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Hemicolectomy

6-minute read

Key facts

  • A hemicolectomy is a type of colectomy — an operation where part of your colon (large intestine) is removed.
  • A hemicolectomy is most often done to treat bowel cancer.
  • You may need a stoma after a hemicolectomy — this may be reversible.

What is a hemicolectomy?

A hemicolectomy is a type of colectomy — an operation where part of your colon (large intestine) is removed.

With a right hemicolectomy, the right side of your colon is removed. This includes:

  • your caecum
  • your appendix
  • your ascending colon
  • part of your transverse colon

With a left hemicolectomy, the left side of your colon is removed. This includes:

  • part of your transverse colon
  • your descending colon

When is a hemicolectomy performed?

A hemicolectomy is most often done to treat bowel cancer.

Other reasons for having a hemicolectomy are:

What are the benefits of a hemicolectomy?

If your doctor has recommended a hemicolectomy, this is because removal of your diseased bowel is the best treatment available.

How to prepare for a hemicolectomy

Before your operation, you will have some tests to confirm your diagnosis. Your doctor will also want to check that you are fit and well for the procedure.

Before having a hemicolectomy you will need to take 'bowel prep' medicine. This is to empty your bowel before the procedure.

You may also need to be on a diet of 'clear fluids' before the operation. If you're asked to do this, plan for a quiet time the day or 2 before surgery.

You will also be asked to fast (not have anything to eat or drink) several hours before surgery.

Your doctor may ask you to stop certain medicines before your operation. They may also start you on antibiotics before the operation.

Ask your doctor for more information to help you prepare for the operation.

What happens during a hemicolectomy?

The operation will be done either through a single cut in your abdomen (tummy), or with a laparoscopy ('keyhole' surgery). Keyhole surgery uses a few smaller cuts.

After you are given a general anaesthetic, your surgeon will remove the unhealthy section of your bowel.

Your surgeon will then join the ends of your remaining colon together. This can be done through stitches or staples.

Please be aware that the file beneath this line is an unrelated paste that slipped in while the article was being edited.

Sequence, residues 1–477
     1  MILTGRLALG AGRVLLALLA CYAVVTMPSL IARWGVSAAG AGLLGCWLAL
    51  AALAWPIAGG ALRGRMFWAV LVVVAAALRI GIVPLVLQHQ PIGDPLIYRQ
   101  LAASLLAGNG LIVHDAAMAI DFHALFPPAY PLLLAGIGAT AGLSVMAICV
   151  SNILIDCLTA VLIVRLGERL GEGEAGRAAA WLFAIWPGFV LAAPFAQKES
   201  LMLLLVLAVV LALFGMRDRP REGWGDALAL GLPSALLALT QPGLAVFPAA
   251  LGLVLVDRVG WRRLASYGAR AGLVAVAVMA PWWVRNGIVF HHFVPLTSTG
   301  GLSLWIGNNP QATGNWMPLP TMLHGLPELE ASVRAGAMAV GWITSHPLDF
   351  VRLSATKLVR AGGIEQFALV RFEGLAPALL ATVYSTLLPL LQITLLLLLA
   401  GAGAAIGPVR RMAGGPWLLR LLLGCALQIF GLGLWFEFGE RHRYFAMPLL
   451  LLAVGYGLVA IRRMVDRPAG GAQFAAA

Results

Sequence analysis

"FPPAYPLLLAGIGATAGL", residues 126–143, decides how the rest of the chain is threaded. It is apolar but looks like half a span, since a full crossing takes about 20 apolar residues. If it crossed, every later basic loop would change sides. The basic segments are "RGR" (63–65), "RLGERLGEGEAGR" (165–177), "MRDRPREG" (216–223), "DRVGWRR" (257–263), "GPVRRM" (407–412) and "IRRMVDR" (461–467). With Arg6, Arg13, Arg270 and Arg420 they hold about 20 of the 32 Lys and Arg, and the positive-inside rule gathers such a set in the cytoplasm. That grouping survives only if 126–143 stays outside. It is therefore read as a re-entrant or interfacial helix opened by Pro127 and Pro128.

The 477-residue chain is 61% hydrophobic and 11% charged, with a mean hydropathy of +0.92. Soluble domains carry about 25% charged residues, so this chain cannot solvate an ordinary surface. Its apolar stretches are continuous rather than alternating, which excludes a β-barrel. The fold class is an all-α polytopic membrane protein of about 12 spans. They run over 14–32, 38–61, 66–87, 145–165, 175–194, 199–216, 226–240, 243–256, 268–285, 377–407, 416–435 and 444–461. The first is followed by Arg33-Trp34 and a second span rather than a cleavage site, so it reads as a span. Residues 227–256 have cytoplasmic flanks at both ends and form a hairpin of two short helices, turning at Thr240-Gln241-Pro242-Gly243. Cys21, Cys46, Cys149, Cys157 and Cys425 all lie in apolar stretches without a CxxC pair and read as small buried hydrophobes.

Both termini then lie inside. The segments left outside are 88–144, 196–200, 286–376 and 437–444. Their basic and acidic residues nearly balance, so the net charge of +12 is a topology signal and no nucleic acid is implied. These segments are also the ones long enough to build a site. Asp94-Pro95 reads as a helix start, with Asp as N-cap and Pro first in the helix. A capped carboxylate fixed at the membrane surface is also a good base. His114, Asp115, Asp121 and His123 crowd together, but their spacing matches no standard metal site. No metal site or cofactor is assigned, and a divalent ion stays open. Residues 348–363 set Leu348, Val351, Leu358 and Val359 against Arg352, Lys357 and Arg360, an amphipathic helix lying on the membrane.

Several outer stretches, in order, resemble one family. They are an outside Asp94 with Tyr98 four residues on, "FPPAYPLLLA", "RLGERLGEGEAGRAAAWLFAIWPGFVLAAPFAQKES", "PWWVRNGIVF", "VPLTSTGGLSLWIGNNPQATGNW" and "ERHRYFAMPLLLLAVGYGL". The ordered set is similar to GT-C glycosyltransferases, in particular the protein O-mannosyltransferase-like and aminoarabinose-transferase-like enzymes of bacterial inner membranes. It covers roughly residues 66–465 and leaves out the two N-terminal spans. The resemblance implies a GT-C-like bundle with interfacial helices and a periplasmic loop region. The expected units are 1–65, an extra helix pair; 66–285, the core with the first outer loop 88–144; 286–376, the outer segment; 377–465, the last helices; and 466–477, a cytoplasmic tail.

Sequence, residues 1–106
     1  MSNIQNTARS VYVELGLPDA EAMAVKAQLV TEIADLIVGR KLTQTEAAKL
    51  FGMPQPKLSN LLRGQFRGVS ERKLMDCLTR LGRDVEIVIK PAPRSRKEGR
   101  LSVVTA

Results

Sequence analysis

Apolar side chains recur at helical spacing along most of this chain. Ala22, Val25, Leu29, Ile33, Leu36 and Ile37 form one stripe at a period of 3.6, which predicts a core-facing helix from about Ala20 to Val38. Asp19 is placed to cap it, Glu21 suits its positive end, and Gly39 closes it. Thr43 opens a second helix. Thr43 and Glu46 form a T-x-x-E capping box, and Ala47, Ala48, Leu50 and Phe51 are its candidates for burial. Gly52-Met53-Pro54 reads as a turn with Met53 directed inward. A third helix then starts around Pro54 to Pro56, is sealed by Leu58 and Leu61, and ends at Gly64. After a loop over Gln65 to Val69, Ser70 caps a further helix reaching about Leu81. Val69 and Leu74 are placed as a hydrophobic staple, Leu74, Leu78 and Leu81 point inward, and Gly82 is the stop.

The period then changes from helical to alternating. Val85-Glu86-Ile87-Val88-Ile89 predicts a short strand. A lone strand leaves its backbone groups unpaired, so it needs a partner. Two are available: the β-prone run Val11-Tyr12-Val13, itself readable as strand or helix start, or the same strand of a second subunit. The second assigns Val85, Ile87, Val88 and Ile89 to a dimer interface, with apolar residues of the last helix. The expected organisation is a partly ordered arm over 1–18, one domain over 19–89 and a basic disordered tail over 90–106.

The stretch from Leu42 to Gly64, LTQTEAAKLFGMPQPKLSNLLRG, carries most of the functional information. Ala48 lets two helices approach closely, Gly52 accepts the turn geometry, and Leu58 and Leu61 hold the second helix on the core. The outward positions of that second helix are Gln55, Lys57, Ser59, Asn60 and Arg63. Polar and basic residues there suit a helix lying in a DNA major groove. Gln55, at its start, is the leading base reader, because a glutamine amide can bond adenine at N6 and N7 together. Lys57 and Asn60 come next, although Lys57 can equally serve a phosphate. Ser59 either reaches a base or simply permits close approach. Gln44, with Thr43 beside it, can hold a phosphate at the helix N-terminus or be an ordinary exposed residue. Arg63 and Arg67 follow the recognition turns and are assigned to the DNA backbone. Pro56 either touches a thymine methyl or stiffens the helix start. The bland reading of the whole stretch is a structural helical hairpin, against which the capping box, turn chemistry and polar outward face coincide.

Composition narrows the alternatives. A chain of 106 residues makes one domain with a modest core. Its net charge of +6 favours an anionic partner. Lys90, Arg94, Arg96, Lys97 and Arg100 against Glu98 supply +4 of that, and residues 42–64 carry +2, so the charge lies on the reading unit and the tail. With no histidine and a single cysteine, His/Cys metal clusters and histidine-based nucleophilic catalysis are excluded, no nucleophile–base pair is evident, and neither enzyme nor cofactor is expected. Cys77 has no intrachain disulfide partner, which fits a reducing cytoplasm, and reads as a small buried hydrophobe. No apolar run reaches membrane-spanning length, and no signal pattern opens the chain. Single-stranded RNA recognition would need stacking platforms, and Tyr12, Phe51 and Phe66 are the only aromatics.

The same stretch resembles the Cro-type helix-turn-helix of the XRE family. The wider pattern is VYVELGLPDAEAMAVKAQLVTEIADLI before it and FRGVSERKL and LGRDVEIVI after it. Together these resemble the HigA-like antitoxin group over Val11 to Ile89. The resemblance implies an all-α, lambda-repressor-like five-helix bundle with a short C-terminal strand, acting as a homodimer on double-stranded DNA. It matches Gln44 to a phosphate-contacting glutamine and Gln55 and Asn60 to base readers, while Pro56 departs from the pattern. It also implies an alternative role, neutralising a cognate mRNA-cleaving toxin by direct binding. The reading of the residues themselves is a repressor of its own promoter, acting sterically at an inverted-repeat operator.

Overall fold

Will I need a stoma?

Sometimes the ends of the bowel can't be joined, so one end is connected to the skin of your abdomen. This creates an opening known as a stoma.

A bag, known as a colostomy bag, is attached around the stoma to store bowel contents (poo) when they pass out of your body. You will need to empty the bag regularly.

In many people, the stoma is reversed once your bowel heals enough to be re-joined. This is done in a later operation.

If you need a stoma, you will be seen by a stoma nurse. These nurses specialise in caring for patients with a stoma. Your stoma nurse will be able to answer any questions you have.

Recovering from a hemicolectomy

A hemicolectomy is major surgery. It can take a few weeks to feel better after the operation. Your doctor will tell you how much time you may need to take off work.

You'll probably feel tired and weak after a hemicolectomy and it will take some time to recover.

When you wake, you'll have a drip in your arm and you'll feel drowsy. A catheter will be used to drain your bladder of urine (wee).

You'll be given medicine to relieve pain. This may be given through your drip.

When you start going to the toilet again, your faeces (poo) will be diarrhoea. It can take several weeks to get back to normal. Let your doctor know if you are having problems.

You may need to stay in hospital for up to 7 days. If you had keyhole surgery, your stay might be shorter.

What are the possible risks of a hemicolectomy?

A hemicolectomy is a major operation with some risks.

These can include:

  • bleeding
  • infection
  • a leak from where your bowel is connected back together
  • damage to other organs in your abdomen — such as your small intestine or bladder
  • deep vein thrombosis (blood clots in your legs)
  • pulmonary embolism (blood clots in your lungs)

If you notice any problems after your operation, call your doctor or go to the emergency department of the nearest hospital.

Resources and support

Visit the Bowel Cancer Australia website for more information about hemicolectomy.

Visit these pages to learn more about:

You can also call the healthdirect helpline on 1800 022 222 (known as NURSE-ON-CALL in Victoria). A registered nurse is available to speak with 24 hours a day, 7 days a week.

Learn more here about the development and quality assurance of healthdirect content.

Last reviewed: February 2024


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